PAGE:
There’s some more in there, but that should cover the key establishing facts. This lawsuit was against an anonymous person who sent an email to Sony and a producer of Goosebumps suggesting Vitality is actually the same company as Hydraulx and expressing surprise that Sony would work with them again after the earlier dispute — and also wondering if perhaps Vitality had hidden the Hydraulx connection in getting the job. Here’s the email:

I hoped I might whistle-blow on Vitality Visual Effects and Hydraulx. I was surprised to see ?Goosebumps? on Vitalitys [sic] IMDB as Vitality is co-owned by Greg and Colin Strause of Hydraulx and I thought neither you nor Sony had a good relationship with the Brothers after Skyline/Battle L.A.

Vitality and Hydraulx share owners (Greg & Colin), their Exec Guy Botham works for both companies – Vitality and Hydraulx even share L.A. and Vancouver offices, hardware, and infrastructure.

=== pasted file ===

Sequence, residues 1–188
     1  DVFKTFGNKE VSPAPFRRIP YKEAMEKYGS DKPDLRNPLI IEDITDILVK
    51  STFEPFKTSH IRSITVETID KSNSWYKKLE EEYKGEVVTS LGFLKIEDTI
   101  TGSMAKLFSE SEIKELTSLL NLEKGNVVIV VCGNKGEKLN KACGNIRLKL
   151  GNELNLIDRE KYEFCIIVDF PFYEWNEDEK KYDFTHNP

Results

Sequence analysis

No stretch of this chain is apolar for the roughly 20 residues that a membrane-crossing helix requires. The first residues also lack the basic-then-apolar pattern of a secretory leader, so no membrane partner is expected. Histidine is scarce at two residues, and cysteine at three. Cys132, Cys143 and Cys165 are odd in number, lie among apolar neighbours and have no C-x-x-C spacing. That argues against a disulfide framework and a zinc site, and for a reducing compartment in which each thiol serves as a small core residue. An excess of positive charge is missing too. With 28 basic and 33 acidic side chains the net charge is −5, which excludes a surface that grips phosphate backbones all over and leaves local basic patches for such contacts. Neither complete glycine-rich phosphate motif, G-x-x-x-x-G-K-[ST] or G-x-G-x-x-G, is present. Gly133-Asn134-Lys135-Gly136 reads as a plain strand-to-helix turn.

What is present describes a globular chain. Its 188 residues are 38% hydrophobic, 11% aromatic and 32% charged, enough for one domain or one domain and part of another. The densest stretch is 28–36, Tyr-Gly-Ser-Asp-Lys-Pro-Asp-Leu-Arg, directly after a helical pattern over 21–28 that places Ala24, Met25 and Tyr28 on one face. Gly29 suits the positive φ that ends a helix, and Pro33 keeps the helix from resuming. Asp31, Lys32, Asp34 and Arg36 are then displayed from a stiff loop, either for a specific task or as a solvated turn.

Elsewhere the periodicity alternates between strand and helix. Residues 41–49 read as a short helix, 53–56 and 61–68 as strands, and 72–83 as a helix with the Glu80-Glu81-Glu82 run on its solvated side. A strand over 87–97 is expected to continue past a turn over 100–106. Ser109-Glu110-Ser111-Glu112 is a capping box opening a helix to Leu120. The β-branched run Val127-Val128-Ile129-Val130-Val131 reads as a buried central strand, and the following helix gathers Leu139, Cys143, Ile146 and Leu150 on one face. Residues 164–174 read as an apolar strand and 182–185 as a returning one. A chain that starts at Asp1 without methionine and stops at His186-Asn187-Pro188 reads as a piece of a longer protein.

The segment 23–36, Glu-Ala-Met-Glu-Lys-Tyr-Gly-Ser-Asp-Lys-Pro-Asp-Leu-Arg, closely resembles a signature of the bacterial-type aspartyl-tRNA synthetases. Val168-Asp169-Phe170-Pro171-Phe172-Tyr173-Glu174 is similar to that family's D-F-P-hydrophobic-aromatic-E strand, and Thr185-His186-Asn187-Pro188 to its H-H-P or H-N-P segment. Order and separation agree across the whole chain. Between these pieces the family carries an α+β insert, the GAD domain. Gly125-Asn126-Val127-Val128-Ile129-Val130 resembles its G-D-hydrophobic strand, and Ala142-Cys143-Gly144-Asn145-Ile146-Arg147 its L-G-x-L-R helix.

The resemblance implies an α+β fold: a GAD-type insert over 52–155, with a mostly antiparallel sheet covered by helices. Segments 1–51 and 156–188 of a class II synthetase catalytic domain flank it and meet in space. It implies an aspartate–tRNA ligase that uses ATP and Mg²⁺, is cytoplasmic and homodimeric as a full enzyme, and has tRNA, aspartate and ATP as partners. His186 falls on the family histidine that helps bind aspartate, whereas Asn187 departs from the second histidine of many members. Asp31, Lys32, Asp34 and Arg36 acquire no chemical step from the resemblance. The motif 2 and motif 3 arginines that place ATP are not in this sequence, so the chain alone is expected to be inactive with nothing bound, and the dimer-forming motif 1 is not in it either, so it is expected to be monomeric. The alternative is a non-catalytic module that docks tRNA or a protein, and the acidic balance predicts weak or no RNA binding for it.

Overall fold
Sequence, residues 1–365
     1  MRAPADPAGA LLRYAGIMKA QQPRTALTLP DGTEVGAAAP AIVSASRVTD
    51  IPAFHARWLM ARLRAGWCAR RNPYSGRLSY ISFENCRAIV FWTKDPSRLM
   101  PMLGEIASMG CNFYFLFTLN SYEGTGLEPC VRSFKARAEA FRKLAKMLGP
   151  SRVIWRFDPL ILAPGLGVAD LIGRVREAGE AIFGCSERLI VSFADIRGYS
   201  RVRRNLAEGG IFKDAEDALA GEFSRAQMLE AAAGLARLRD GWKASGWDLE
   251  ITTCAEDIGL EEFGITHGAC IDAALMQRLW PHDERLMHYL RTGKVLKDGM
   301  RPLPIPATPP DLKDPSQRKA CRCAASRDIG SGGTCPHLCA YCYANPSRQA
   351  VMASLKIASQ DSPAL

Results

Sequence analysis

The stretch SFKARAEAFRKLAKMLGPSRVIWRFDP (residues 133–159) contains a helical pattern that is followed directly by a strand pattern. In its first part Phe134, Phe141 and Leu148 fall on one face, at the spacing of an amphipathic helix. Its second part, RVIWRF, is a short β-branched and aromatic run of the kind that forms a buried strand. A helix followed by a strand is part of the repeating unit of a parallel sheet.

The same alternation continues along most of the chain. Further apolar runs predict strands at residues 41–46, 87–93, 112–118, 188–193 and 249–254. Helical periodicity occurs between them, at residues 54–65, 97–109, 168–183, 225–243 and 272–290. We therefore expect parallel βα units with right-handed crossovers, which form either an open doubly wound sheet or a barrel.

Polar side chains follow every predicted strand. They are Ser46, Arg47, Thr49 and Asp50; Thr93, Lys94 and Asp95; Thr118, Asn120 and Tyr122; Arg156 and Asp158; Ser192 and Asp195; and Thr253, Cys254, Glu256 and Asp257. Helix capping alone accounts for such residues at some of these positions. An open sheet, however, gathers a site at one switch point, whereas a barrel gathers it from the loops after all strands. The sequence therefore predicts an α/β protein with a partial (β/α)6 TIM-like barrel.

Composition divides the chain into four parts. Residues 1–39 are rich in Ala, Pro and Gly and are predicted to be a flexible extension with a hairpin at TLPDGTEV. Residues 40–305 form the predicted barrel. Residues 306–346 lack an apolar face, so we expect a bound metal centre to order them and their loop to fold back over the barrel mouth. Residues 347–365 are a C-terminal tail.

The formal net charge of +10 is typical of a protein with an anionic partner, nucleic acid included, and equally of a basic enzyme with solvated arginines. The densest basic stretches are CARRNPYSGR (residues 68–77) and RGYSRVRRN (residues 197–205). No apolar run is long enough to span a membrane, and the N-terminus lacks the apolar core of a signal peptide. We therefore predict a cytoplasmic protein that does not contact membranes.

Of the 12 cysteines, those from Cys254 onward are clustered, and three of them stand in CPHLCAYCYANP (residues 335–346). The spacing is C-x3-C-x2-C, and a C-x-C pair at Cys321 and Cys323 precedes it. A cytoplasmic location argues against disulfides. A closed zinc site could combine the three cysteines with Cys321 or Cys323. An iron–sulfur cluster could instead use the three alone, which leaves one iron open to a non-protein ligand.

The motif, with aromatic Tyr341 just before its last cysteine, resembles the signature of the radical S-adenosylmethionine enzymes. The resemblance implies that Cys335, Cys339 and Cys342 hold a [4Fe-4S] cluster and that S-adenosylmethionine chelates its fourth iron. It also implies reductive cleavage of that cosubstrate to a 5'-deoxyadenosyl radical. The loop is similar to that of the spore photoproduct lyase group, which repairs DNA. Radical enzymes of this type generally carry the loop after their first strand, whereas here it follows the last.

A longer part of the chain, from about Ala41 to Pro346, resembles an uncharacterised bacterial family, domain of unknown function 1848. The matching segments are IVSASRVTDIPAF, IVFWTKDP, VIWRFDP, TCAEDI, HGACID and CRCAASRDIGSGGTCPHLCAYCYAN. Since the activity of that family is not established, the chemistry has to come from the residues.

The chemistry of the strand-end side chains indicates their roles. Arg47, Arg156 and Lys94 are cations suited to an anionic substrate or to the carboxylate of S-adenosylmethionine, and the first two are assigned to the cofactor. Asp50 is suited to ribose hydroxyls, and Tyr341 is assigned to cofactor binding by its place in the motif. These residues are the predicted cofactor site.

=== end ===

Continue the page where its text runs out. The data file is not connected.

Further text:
If Vitality misinformed you or Sony as to its ownership or profit participants in any way, please take my email into consideration.

I am a concerned vfx professional whom, myself, has been burned by Greg and Colin and I do not like people perpetuating what I consider bad business practices.

Thank you for your time in reading. I hope this email helps.

A concerned VFX recruit.

Separately, Hydraulx and the Strauses were already engaged in a defamation lawsuit against some anonymous critics who had sent emails to a movie studio that Hydraulx was working with, claiming that the company was on the verge of financial collapse. Perhaps thinking this new email was from the same, or a related, individual Hydraulx added this person “Doe 2” to that lawsuit and went about trying to discover who it was. Doe 2 filed an anti-SLAPP claim under California’s (pretty good) anti-SLAPP law.